Another year is almost upon us and with the passing of 2012 it hardly seems like the same world I recall from 2007, five short years ago when I helped launch some of the first brand pages on Facebook and Twitter. Many of these brands were FMCGs or CPGs as they like to be labeled in North America. What is interesting is looking at how FMCGs have evolved in utilizing social to remain relevant in a category that must remain rapid in terms of its marketing tactics.

FMCG marketers must think on their feet at all times like their customers do. The customer in a store aisle doesn’t ponder for hours if he should buy a bottle of soda, a box of macaroni and cheese or a package of cookies. These are quick buys and social still plays a role in terms of priming the customer to make these decisions.

As a result of this, social for FMCGs is very different from that of other categories within B2C and B2B in that the marketing programs within this category’s social must be quick, use their base audience to do the heavy lifting, be set up to engage with customers and their habits as they exist in the present and to take advantage of the neo-publishing model being adapted at a faster rate by so many brands in order to stay relevant with ongoing conversation in a 24/7 world.

The evolution of social platforms and the move toward more mobility will ultimately lead to even more changes in 2013. But for now, let’s take a look at five examples of brands that offered unique solutions in 2012 and then five things FMCGs should be thinking of as they prepare for 2013.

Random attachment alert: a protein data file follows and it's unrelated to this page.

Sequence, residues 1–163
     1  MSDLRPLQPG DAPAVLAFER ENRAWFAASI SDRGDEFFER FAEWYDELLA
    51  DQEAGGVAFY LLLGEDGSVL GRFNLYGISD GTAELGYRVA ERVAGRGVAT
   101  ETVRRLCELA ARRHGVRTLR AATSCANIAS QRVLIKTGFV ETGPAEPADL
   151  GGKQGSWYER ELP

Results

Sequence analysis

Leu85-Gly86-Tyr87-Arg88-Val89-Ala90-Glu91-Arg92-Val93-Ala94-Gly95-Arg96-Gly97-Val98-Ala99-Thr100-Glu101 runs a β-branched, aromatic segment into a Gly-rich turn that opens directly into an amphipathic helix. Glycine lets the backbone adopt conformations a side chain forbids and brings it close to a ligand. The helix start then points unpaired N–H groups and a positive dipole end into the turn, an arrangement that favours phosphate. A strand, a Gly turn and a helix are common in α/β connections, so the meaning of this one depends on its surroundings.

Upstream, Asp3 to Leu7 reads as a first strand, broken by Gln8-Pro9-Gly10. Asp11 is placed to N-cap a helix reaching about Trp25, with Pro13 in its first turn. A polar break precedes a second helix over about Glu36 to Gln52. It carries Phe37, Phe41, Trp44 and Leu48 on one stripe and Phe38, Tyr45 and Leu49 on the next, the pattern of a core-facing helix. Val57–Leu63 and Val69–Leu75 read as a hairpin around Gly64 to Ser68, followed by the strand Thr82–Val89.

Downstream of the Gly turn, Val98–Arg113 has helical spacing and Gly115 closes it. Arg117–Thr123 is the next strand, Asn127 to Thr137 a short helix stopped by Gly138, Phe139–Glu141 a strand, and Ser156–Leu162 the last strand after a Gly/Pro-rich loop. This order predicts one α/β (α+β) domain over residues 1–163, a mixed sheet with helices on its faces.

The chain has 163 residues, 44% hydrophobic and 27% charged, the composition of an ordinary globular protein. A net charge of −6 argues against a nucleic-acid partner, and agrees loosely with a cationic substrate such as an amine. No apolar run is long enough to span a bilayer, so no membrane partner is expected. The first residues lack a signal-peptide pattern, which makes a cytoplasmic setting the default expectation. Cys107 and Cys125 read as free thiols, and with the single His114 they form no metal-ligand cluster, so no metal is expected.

Five examples of great execution for FMCGs in 2012:

  • Oreo – The launch of the 100-day ‘Daily Twist’ campaign helped develop content around the cookie to create conversation. The brand really took advantage of people’s modern-day media habits by creating content around current events to help align the brand with what people were seeing in the news.
  • Red Bull – With one swift fall, the Austrian energy drink brand may have changed the face of marketing forever. Over 8 million people watched the live jump by extreme sports athlete Felix Baumgartner on YouTube while the jump was shown by more than 40 TV stations and 130 digital outlets. Red Bull’s Facebook post-jump photo of Baumgartner gained almost 216,000 likes, 10,000 comments and over 29,000 shares within 40 minutes, and half the worldwide trending topics on Twitter were related to Red Bull Stratos. In terms of ROI, some analysts predicted the event went beyond a stunt in that it created international buzz. That mass exposure may have led to a change in customer behavior from buying a Rockstar or a Monster to buying a Red Bull.